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Just open a terminal and type lightspeed I don't have it so the output is The program 'lightspeed' is currently not installed. You can install it by typing: sudo apt-get install lightspeed If it is installed and you want to know where dpkg --listfiles lightspeed Will show where all files for light speed can be found.


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I faced this exact same problem through the day and am glad I solved it in the below manner. Although, the above reply is marked as an answer, it is clear from the comments to that answer that it doesn't completely answer the question. The correct file to enable is in /etc/php5/cli/conf.d Then enter the following in there zend_extension=opcache.so ...


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Linux in general, so Ubuntu too, has directories where you can put scripts that start/stop/restart/reload a service (or whatever action this service can provide): /etc/init.d/ (=old but still used very often). /etc/init.d is where all the traditional sysvinit scripts and the backward compatible scripts for upstart live. The backward compatible scripts ...


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Did you check the apache2 error log? There is a typo in your php code. You are missing the &. Correct is: // Report all errors except E_NOTICE error_reporting(E_ALL & ~E_NOTICE); I highly suggest for development systems to set display_errors = On display_startup_errors = On error_reporting = E_ALL in your php.ini as I mentioned in the ...


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If you only want to debug locally, you can follow this approach presented at stackoverflow. Single line in php.ini, no additional packages. Writes your outgoing mail to a file which can be opened with mail client in case you want to debug html mail. sendmail_path = 'tee /tmp/mylocal.mail > /dev/null'


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I don't quite understand your question. To run PHP code, you need a program that can understand understand PHP. This is either Zend Engine (the branch by Dmitry called PHPNG has been merged on v7.0), Websphere sMash, Phalanger, HipHop VM, HippyVM, Parrot, Quercus, or some other program. (Note: Every engine is saying that they are faster than every other ...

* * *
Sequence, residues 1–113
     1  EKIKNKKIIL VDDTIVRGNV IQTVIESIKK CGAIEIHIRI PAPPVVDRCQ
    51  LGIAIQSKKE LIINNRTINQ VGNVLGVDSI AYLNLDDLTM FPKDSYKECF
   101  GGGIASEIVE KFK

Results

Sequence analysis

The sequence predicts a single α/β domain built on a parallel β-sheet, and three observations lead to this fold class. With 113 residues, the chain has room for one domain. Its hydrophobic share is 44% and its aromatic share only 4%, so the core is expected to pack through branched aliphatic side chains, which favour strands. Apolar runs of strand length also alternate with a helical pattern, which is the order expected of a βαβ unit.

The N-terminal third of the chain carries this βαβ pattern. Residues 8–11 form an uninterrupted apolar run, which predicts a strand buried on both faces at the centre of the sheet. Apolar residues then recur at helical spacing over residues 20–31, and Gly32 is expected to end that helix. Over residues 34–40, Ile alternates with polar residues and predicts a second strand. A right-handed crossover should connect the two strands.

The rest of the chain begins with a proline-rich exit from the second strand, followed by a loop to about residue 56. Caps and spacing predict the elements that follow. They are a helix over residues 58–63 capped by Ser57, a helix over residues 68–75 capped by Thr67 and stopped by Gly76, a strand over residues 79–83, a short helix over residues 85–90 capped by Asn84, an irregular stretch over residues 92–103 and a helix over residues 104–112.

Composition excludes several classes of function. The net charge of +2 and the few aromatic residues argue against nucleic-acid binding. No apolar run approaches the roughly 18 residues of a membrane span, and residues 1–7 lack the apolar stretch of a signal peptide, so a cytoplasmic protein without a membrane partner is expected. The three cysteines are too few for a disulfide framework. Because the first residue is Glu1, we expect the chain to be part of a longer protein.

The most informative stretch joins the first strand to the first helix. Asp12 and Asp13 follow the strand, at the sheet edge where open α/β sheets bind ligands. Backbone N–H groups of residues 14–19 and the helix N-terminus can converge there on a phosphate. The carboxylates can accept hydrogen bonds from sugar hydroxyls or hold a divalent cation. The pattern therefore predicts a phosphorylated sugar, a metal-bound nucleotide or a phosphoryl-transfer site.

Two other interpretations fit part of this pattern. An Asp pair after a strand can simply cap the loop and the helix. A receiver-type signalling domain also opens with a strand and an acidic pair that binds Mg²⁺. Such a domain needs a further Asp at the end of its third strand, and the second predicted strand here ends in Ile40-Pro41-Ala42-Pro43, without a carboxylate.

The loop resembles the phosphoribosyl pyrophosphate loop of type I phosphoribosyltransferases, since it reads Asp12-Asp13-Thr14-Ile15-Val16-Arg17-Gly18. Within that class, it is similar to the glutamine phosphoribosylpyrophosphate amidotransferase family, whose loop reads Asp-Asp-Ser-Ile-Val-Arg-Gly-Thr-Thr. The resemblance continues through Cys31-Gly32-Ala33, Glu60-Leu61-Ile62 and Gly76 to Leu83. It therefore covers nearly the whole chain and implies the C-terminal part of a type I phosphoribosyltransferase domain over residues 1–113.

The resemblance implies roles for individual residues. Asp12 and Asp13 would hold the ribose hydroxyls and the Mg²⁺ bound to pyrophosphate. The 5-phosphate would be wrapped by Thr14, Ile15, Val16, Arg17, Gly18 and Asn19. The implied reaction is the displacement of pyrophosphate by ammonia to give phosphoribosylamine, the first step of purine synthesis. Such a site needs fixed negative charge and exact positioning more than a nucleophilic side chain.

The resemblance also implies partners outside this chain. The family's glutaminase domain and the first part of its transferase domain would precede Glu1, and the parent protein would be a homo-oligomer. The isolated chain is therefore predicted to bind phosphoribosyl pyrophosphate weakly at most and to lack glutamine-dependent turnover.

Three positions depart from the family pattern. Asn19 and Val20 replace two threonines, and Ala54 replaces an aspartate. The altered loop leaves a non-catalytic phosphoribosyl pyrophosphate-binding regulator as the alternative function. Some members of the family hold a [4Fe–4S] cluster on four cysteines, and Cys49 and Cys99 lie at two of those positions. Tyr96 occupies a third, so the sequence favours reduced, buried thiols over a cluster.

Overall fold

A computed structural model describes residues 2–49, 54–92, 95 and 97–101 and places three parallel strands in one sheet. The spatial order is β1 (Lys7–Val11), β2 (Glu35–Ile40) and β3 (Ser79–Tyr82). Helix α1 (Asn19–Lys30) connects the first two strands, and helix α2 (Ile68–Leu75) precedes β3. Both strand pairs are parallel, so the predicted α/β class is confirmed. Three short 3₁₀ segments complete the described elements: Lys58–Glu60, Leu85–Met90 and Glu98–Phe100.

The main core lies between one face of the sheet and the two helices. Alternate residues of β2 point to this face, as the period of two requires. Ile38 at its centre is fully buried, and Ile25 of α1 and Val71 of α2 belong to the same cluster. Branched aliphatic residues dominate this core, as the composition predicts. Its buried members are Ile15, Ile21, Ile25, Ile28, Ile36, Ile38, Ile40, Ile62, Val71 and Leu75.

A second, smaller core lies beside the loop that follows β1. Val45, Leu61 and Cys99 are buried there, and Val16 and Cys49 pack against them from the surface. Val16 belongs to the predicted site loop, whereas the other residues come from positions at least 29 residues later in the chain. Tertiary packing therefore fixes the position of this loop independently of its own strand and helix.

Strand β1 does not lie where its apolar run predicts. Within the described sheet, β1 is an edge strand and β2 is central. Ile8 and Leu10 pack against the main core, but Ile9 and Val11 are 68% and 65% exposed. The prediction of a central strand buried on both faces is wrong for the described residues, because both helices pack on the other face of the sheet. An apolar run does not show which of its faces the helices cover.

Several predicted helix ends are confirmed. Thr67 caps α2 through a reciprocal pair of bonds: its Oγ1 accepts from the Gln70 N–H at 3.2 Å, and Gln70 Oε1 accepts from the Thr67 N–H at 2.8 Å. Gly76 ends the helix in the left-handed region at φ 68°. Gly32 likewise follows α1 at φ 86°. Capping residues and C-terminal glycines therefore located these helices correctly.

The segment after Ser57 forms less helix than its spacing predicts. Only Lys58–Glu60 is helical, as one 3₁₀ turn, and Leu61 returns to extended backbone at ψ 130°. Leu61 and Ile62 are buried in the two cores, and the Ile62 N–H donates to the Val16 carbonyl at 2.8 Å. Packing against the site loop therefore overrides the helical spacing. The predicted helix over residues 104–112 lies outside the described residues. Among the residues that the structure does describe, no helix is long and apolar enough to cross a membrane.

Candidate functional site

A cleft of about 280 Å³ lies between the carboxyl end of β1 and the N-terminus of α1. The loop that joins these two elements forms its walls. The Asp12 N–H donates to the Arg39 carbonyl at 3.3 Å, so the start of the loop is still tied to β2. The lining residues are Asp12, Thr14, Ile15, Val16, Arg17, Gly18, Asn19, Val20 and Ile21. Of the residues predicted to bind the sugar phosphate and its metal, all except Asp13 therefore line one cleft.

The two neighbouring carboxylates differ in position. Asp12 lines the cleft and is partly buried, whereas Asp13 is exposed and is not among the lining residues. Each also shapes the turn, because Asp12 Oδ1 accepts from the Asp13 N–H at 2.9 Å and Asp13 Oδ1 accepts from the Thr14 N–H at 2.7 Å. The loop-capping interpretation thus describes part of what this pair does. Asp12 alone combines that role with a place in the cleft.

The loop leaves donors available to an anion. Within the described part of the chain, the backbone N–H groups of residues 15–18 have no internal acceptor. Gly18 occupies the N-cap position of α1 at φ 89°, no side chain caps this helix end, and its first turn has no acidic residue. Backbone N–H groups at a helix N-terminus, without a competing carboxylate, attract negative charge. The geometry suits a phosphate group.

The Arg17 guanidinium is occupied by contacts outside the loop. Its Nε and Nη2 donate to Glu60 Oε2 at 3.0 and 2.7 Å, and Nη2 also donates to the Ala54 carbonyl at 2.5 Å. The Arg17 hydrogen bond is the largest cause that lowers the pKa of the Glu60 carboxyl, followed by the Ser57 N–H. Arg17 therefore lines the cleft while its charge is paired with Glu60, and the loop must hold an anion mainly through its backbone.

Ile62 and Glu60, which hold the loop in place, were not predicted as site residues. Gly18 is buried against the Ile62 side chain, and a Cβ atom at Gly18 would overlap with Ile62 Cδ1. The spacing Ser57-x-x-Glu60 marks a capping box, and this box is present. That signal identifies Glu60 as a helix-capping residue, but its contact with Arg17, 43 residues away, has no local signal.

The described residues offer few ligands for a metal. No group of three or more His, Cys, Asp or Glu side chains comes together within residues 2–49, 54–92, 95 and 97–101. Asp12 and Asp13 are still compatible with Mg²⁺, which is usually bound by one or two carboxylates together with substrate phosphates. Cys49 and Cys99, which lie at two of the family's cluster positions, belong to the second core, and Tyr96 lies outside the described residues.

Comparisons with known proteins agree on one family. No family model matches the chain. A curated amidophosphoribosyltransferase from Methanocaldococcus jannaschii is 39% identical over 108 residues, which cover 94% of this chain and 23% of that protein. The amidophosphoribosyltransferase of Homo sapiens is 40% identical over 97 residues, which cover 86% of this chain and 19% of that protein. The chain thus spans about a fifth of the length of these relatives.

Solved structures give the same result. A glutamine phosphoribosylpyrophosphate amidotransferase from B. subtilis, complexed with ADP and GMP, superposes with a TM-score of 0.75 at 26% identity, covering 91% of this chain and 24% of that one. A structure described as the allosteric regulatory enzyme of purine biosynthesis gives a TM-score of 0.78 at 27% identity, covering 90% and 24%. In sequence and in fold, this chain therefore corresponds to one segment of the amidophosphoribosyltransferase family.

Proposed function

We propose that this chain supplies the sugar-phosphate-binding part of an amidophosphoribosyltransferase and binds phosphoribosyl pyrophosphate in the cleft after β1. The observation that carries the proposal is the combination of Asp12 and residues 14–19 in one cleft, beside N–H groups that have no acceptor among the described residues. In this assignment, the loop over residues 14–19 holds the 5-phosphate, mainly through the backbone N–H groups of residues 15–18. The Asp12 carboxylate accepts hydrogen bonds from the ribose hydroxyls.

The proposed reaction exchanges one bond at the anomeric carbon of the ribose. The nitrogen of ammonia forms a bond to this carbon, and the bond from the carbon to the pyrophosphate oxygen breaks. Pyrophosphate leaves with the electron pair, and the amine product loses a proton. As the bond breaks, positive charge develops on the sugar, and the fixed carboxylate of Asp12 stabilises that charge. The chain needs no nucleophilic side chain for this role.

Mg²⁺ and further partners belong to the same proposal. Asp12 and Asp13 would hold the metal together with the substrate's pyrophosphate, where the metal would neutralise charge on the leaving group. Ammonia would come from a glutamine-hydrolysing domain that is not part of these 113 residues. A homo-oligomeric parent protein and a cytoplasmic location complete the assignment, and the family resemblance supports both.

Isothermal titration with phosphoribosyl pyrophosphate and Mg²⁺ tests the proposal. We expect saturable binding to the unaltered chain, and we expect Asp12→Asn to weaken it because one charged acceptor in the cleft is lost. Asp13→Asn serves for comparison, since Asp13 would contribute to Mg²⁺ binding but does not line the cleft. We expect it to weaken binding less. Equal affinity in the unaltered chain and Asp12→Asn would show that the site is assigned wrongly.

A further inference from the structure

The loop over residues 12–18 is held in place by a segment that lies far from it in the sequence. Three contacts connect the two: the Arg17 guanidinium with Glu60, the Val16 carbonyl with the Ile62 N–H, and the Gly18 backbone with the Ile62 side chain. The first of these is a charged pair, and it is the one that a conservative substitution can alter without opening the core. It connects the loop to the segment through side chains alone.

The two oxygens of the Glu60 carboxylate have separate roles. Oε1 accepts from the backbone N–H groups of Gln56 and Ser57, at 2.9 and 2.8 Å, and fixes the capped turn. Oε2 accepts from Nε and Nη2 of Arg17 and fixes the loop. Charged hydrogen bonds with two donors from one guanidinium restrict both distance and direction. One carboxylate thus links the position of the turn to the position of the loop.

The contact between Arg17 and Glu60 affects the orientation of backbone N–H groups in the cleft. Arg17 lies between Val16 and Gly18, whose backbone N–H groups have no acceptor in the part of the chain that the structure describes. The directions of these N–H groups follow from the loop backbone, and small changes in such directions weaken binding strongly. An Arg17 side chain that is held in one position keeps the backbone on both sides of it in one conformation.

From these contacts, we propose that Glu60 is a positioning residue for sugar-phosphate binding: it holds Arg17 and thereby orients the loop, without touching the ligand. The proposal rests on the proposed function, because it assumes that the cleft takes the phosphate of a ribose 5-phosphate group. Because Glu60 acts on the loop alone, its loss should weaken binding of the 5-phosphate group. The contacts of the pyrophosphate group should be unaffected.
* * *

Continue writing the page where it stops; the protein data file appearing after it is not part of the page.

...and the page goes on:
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You might also want to look at setting up a VirtualBox environment for PHP development. This way you keep your host OS free from server packages but you can still do all development on your own PC with the shared folder functionality. :)


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1. Installing and setting up the LAMP stack Open Terminal by hitting Ctrl+Alt+T Update the apt cache and install lamp-server^ by running sudo apt-get update && sudo apt-get install lamp-server^ (you should be able to go through the on-screen setup; it's just a matter of setting up the mysql root password) 2. Installing and setting up PHPMyAdmin ...


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To install these packages in the command-line you can type sudo apt-get install lamp-server^ phpmyadmin There is also extensive documentation how to set up a LAMP environment with phpmyadmin at https://help.ubuntu.com/community/ApacheMySQLPHP | https://help.ubuntu.com/14.04/serverguide/lamp-applications.html Feel free to ask more specific questions if ...


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Run those commands: sudo apt-get update Install apache: sudo apt-get install apache2 You can test apache2 is working by directing your browser to http://localhost , you should see "it works" output. Install PHP: sudo apt-get install php5 libapache2-mod-php5 Restart apache2 now: sudo service apache2 restart To test PHP now create a file ...